Additional thoughts: During difficult times like these, I think it is even more important to be data-driven in everything you do. One of the ways we are doing this is by understanding connect and reply rates and WHEN they happen. In the past, 8 to 9 am and 4 to 6 pm were considered the best times to connect. But in COVID-19, those are now times when our buyers and decision-makers are usually with their families or otherwise unavailable. By being able to see what the connect hot spots were and adjusting to having a majority of our activity done during those times, we saw dramatic increases in both connect and reply rates, which ultimately drove more meetings.

On proven technologies, Sales tips, and insights that should probably be part of every mid- to junior-level tech salesperson, especially now

Part 1 answer: personalization

The first one that really sticks out to me (because a lot of our inbound channels have been cut off, whether that’s field marketing or events) is there’s been a lot more outbound—either via Marketing automation or emails from Sales engagement solutions.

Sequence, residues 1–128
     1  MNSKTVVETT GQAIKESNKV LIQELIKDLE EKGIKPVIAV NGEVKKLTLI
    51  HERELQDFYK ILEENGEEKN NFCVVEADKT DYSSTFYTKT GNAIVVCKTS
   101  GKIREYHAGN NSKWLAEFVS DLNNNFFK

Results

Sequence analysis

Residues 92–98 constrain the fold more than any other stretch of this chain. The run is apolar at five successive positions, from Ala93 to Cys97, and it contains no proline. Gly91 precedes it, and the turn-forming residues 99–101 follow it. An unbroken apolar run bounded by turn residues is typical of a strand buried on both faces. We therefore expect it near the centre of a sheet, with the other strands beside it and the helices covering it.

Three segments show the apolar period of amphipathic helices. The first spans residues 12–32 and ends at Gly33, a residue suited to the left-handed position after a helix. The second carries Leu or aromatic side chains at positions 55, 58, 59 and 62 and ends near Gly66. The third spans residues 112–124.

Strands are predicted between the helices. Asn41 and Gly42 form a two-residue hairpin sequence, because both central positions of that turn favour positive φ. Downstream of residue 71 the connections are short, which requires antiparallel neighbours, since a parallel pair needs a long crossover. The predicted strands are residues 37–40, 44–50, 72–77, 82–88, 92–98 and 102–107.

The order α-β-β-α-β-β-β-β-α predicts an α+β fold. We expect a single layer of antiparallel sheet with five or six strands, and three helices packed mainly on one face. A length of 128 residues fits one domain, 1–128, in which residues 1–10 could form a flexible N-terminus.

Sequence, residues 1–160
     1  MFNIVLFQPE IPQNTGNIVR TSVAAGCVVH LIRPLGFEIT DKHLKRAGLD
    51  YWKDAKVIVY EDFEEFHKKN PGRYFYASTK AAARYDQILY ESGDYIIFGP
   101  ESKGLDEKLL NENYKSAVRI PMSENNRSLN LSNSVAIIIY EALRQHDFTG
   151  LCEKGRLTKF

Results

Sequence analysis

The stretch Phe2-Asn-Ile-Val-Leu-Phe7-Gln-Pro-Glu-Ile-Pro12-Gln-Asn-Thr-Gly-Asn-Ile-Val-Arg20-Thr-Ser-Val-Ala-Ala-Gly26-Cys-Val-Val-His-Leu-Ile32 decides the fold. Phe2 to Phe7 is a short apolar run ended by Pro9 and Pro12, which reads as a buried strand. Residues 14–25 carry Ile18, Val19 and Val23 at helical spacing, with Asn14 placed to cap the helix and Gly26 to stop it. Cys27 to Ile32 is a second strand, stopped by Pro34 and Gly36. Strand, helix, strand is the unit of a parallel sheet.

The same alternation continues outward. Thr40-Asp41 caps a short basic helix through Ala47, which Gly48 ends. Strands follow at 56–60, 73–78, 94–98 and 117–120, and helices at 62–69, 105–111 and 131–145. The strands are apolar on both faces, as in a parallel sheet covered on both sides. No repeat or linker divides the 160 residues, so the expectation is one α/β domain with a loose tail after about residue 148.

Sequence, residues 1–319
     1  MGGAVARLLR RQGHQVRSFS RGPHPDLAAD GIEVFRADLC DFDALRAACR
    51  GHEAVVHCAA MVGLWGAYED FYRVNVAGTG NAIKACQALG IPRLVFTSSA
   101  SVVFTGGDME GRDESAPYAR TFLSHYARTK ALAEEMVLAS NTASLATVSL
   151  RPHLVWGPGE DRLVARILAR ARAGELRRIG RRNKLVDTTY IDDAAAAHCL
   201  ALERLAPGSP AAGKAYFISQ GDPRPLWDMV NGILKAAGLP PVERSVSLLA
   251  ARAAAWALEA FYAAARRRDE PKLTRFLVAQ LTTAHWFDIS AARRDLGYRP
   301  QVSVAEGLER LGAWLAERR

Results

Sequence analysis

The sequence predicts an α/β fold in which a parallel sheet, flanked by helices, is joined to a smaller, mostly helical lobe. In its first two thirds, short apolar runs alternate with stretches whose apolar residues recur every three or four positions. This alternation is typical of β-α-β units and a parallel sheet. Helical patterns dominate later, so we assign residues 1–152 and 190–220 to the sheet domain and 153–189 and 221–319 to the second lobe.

And, honestly, a lot of them are missing the mark. I think a lot of people know this—this isn’t going to be a shock—but personalization is absolutely vital.

And knowing how to do personalization at scale with Sales enablement solutions like your outreach or your SalesLoft. People are expecting this and really, they’re getting inundated with so much email right now that if you’re not capturing their attention with what you do through personalization, people are just going to turn off to that message and they might turn off to your brand or your company for the next three to six months and you really just can’t have that right now.

You need to make sure you understand what they care about, not about what your product does. Your outbound message needs to focus on them, how you’re going to help them do their job better.

And if you can tie that into COVID-19—you know, I think people are starting to get a little bit worn down by COVID-19 messaging—but if you can find a way that is relevant to help them through this time, go ahead and mention that. Be really specific about ways that you can help. I think that is absolutely key in keeping your engagement metrics up.

Part 2 answer: leverage all the channels

You need to leverage all the channels at your disposal. As I mentioned earlier, video is working really well and can help put a name to a face and really help you explain the value that you can bring a little bit better.